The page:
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How the Beagle Brigade Works


What Is the Beagle Brigade?
The Beagle Brigade was formed by the U.S. Department of Agriculture (USDA) in 1984 at the Los Angeles International Airport. CBP
The Beagle Brigade was formed by the U.S. Department of Agriculture (USDA) in 1984 at the Los Angeles International Airport. CBP

Like Joey who works in the Atlanta airport, the Beagle Brigade is a special team of detector dogs that is an important part of U.S. Customs and Border Protection. As agriculture canines, members of the Beagle Brigade are trained to sniff out fruits, foods, plants and animal products that are tucked away in passengers' luggage and carry-on bags as they arrive in the terminals on international flights.

While bigger dogs like Labrador retrievers are often responsible for patrolling the country's borders, beagles and beagle mixes are employed at airports because they're small, gentle, and pack a keen sense of smell and a big appetite; all features that make them perfect for the job [source: CBP].

The Beagle Brigade was formed by the U.S. Department of Agriculture (USDA) in 1984 at the Los Angeles International Airport. It started with just one beagle who was trained to pick up the scent of plants and animal products arriving on international flights in suitcases and carry-on bags [source: CBP]. The federal customs agency introduced beagles in an attempt to put travelers at ease since the breed can come across as less threatening than standard police dogs like German shepherds. Their small size also makes it easier for them to maneuver through crowded areas like baggage claim [source: Lade].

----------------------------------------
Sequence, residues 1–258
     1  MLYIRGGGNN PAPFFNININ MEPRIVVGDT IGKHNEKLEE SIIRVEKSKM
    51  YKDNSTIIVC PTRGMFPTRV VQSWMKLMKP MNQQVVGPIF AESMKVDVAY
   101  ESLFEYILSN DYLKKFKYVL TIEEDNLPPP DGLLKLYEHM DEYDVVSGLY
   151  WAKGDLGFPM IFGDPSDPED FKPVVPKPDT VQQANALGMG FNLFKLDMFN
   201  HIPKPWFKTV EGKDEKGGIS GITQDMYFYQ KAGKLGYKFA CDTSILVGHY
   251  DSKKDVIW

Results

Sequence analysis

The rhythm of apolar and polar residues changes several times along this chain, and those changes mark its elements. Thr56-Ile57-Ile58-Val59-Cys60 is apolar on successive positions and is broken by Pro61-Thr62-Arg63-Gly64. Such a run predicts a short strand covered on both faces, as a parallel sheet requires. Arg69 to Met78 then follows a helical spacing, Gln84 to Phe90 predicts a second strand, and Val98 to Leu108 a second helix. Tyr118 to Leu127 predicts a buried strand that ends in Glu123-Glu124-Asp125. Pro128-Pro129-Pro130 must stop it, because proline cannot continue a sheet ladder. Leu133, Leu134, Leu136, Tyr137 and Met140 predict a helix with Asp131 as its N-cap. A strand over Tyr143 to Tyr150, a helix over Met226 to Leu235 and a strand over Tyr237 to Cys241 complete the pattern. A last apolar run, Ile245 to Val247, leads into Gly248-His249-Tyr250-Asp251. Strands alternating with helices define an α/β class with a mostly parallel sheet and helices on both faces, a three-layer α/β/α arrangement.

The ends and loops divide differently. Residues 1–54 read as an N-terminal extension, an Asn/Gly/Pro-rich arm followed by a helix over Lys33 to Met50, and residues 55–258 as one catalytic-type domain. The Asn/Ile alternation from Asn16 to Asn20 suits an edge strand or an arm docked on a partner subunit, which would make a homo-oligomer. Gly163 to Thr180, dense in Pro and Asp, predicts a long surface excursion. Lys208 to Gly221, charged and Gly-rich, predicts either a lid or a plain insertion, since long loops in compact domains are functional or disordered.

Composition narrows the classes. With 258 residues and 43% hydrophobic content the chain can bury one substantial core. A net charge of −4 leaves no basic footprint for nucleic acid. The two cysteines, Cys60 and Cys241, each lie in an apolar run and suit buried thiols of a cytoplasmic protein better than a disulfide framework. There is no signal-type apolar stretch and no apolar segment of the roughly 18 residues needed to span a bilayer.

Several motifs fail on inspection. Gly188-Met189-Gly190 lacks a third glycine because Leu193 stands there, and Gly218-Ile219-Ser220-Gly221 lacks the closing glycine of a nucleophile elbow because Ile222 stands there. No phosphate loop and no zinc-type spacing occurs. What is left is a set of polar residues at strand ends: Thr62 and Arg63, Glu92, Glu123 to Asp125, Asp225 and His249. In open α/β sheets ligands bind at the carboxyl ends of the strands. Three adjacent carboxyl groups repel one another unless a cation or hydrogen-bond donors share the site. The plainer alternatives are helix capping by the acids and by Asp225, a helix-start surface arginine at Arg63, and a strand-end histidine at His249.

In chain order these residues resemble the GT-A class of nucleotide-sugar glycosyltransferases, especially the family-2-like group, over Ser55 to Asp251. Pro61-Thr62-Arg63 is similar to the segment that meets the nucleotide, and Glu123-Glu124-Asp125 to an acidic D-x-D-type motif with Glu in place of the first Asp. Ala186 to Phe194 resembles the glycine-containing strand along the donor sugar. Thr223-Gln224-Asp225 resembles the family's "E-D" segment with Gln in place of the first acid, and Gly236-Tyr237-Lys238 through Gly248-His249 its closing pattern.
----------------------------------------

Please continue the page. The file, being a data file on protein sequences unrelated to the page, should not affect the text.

"These dogs have to work very closely around the passengers if they're coming through international airports, checking their bags and carry-ons," Kathleen Warfield, a training specialist at the National Detector Training Center in Newnan, Georgia told the Atlanta Journal-Constitution.